Book Reviews

I appreciate all the book reviews I’ve received over the years for my Darcy McClain and Bullet Thriller series. But for a moment, I’d like to concentrate on one in particular that caught me by surprise. 

An acquaintance saw a print ad I had recently run in a local bulletin and was delighted to learn I’m an author. He quickly followed with, “I used to be an avid reader, but since my stroke, my attention span has never been the same. I find it hard to stay focused.” But he assured me he would buy Brainwash and do his best to read the book. 

A week later we bumped into each other again. He appeared excited to see me and I wondered why. Sure, we know one another, but he certainly had something on his mind and was eager to share it. With a broad smile on his face, almost bordering on a smug grin, he said, “This is a great book, and I’m back to reading like before my stroke. I couldn’t put the book down.” He was halfway through Brainwash and had purchased Gadgets so as not to break his momentum. I couldn’t have been more thrilled. Not about the book sales, but that the series had helped someone in a most unexpected way.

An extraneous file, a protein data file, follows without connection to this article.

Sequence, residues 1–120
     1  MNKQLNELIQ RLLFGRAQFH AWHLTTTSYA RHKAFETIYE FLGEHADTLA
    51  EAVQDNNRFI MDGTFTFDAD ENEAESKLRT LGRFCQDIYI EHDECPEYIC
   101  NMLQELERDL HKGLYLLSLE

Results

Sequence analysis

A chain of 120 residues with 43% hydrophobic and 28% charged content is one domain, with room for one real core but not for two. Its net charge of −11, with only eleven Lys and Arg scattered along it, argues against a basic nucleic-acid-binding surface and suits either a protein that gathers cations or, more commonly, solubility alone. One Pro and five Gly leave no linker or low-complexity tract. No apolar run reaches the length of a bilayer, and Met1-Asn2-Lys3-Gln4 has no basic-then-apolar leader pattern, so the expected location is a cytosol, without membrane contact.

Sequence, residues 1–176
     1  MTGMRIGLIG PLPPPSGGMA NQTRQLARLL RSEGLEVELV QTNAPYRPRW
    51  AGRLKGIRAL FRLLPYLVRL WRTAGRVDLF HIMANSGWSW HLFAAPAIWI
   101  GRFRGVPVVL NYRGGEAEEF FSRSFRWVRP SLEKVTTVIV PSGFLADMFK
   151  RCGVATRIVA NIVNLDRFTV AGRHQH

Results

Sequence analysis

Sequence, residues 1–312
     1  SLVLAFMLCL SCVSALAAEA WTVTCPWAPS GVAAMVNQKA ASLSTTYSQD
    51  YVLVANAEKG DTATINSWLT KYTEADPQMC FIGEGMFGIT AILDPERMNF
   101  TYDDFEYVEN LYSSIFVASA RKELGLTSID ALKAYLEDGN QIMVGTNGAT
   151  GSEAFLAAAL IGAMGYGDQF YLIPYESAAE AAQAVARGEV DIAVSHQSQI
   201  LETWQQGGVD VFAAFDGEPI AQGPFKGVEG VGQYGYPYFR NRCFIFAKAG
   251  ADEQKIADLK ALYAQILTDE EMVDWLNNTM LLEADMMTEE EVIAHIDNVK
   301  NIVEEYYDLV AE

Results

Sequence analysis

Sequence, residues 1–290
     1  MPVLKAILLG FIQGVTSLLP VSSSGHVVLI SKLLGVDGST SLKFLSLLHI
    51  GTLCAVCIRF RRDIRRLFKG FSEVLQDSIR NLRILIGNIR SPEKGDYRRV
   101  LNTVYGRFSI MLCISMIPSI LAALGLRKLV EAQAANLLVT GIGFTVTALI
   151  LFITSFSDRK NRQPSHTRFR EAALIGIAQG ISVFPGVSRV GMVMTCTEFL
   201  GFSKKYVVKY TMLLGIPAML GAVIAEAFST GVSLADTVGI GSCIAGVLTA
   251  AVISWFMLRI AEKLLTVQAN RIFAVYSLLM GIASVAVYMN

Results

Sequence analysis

Three weeks passed and I hadn’t seen him. I grew a bit concerned and asked about him from mutual friends. He was on vacation visiting family in his hometown in North Dakota. When we met up again, he had read Genocide and was almost done reading CLON-X. That impressed me, but what touched me the most? He had a thank-you gift for me. And what better than a book from a local author in his home state – Lori L. Orser’s Spooky Creepy North Dakota. What a fitting title right in time for Halloween! 

I read it in two days. I loved the haunted stories, but, as I’ve never visited either of the Dakotas, I also found the historical facts about locations and people informative. I had both states on my bucket list and all reservations made for visits. Then Covid hit, derailing those vacation plans. Both states are now back on the list.